﻿ Principal Component Analysis

# Principal Component Analysis

### Statistics > Multivariate Analysis > Principal Component

Used to understand the underlying data structure and/or form a smaller number of uncorrelated variables.

Principal components analysis is used to form a smaller number of uncorrelated variables from a large set of data. The goal of principal components analysis is to explain the maximum amount of variance with the fewest number of principal components. Principal components analysis is commonly used in the social sciences, market research, and other industries that use large data sets. You can use principal components analysis when you have too many predictors relative to the number of observations.

### Dialog box items

Variables:
Choose the columns containing the variables to be included in the analysis

Report:
The display of outputs of VisualStat.

### Data

Set up your datasheet so that each row contains measurements on a single item or subject. You must have two or more numeric columns, with each column representing a different measurement (response). If a missing value exists in any column, VisualStat ignores the whole row. Missing values are excluded from all calculations, including correlation and covariance matrix.

### Plot

Displays plots for judging the importance of the different principal components. This section is available only when the number of factors to be fitted is greater than one.

Score plot:
Check to plot the scores for the selected components.

Biplot:
Check to plot produce a plot in which both the scores and the loadings are represented in a two dimensional space. The biplot shows the relation of the factors to both the original variables and the original data.

Check to plot the scores headers.

Axis pairs to plot (X,Y):
Enter the two components to be plotted in the form c(factor1, factor2). By default, a biplot of the first two factors is created.

### Storage

Stores the coefficients and scores.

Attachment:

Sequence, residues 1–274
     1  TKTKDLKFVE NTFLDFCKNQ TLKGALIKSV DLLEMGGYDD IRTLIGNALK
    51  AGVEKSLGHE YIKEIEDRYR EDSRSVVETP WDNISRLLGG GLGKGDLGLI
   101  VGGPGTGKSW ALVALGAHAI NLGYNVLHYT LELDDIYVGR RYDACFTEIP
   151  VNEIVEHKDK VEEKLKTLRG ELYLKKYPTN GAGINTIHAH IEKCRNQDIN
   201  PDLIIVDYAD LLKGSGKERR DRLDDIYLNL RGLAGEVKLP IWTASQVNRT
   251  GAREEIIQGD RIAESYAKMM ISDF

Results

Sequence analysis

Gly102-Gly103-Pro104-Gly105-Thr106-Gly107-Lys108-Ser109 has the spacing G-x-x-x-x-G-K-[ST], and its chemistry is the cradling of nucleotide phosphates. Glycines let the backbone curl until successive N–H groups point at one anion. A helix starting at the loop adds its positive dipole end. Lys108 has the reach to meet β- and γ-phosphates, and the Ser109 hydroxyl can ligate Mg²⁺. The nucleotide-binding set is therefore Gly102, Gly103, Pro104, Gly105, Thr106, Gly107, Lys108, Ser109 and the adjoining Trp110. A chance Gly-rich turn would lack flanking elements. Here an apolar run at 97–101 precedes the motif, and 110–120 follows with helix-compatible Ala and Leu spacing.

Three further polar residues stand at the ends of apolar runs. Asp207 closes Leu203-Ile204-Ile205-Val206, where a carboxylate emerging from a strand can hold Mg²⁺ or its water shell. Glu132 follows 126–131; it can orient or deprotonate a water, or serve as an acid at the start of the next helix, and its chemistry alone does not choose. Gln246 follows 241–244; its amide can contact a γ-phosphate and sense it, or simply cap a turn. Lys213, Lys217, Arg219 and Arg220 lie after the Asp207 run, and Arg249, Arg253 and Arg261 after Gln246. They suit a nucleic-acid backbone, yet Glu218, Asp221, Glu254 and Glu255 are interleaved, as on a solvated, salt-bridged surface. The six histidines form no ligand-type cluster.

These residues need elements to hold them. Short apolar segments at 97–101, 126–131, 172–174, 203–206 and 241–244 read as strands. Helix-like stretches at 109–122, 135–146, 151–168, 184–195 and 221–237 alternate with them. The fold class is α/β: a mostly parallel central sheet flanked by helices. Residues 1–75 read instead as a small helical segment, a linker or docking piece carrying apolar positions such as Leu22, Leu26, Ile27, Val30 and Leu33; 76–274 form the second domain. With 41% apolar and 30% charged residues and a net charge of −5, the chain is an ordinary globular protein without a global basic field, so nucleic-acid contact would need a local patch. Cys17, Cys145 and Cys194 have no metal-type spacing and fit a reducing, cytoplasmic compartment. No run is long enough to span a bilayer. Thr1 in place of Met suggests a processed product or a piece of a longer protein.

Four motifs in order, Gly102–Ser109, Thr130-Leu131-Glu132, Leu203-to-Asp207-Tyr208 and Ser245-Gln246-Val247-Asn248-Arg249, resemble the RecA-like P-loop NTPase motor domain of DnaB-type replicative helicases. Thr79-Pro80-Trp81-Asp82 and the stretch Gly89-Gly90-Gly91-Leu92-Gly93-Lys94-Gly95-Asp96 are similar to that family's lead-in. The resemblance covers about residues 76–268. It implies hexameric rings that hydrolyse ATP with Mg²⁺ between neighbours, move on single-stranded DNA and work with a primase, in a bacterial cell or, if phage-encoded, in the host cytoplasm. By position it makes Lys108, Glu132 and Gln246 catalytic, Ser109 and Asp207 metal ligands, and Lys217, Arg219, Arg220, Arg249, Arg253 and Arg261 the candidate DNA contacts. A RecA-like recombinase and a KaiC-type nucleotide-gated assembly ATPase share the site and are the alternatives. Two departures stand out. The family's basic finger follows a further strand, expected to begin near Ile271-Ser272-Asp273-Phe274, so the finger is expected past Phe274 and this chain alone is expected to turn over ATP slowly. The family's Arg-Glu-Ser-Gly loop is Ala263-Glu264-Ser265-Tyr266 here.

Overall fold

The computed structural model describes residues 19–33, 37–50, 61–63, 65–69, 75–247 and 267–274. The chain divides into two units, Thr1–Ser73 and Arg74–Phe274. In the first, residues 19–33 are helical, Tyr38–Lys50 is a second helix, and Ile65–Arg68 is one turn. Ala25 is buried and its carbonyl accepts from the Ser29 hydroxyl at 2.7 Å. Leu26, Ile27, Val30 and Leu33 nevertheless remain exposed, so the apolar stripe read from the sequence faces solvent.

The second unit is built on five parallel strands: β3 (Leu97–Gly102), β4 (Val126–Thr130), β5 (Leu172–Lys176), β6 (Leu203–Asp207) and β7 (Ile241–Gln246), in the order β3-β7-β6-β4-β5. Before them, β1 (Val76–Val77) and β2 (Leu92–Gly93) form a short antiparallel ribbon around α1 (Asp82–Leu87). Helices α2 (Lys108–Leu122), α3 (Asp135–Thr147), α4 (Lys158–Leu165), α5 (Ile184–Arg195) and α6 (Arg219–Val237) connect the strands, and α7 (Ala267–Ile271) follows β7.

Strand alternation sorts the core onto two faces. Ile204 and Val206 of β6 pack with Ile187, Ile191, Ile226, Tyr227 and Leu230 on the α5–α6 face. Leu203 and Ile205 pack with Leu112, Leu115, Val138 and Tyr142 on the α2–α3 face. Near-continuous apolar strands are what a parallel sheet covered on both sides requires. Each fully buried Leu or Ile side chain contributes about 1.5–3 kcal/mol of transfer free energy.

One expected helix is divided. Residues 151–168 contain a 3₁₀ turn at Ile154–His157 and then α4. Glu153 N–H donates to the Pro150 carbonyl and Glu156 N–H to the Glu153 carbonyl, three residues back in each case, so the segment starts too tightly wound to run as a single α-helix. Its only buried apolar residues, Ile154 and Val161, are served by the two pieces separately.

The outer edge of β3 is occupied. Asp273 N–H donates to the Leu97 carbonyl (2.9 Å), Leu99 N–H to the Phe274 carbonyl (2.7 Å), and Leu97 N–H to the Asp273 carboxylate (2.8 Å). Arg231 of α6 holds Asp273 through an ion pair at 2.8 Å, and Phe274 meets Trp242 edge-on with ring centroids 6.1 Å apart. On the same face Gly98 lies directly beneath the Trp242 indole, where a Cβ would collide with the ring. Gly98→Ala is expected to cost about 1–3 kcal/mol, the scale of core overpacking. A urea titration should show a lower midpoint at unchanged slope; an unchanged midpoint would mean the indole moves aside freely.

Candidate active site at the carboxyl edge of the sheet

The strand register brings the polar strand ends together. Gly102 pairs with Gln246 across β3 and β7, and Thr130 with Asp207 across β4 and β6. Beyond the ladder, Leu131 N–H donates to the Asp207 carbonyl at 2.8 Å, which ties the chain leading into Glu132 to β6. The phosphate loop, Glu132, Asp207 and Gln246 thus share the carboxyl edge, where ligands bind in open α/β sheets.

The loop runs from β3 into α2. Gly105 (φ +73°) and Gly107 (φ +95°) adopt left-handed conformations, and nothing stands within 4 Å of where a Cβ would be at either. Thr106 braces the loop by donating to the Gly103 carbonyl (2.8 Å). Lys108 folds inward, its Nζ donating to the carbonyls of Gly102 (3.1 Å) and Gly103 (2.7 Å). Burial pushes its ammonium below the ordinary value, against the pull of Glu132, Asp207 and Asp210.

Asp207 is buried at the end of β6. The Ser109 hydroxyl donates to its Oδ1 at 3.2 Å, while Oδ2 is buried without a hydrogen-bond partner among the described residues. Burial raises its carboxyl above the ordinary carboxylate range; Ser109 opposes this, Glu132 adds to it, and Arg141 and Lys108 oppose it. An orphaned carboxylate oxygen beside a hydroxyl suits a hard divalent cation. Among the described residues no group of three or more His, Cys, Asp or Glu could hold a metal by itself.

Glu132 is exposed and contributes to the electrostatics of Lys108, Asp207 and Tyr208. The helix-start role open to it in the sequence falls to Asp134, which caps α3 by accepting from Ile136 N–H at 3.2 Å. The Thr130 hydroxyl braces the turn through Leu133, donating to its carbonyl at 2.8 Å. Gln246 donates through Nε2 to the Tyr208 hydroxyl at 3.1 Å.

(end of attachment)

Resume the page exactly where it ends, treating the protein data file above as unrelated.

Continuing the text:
Eigenvalues: Check to store eigenvalues.

Eigenvectors: Check to store eigenvectors.

Scores: Check to store columns for the principal components scores.

### Options

Select centered and/or scaled (to have unit variance) to define the entering and the scaling on which the computation of principal components is based on. The Printed Results group allows you to control displayed output.

Centered: Check if the data supplied at construction time was shifted to be zero-centered.

Scaled: Check if the data supplied at construction time was scaled to have unit variance.

Eigenvalues: Check to print out the eigenvalues.

Eigenvectors: Check to print out the eigenvectors.

Scores: Check to print out the columns for the principal components scores.

### Example

The data are the percentage employed in different industries in Europe countries during 1979. The job categories are agriculture, mining, manufacturing, power supplies, construction, service industries, finance, social and personal services, and transport and communications. It is important to note that these data were collected during the Cold War. Principal components analysis may be used to examine which countries have similar employment patterns.

1.Open the DataBook mva.vstz

2.Select the sheet EuropeanJobs

3.Choose the tab Statistics, the group Multivariate Analysis and the command Principal Component

4.In Variables, select Agr, Min, Man, PS, Con, SI, Fin, SPS and TC

5.Click Plot page

7.Click Options page

9.In Number of components, enter 5.

10.Click OK

Report window output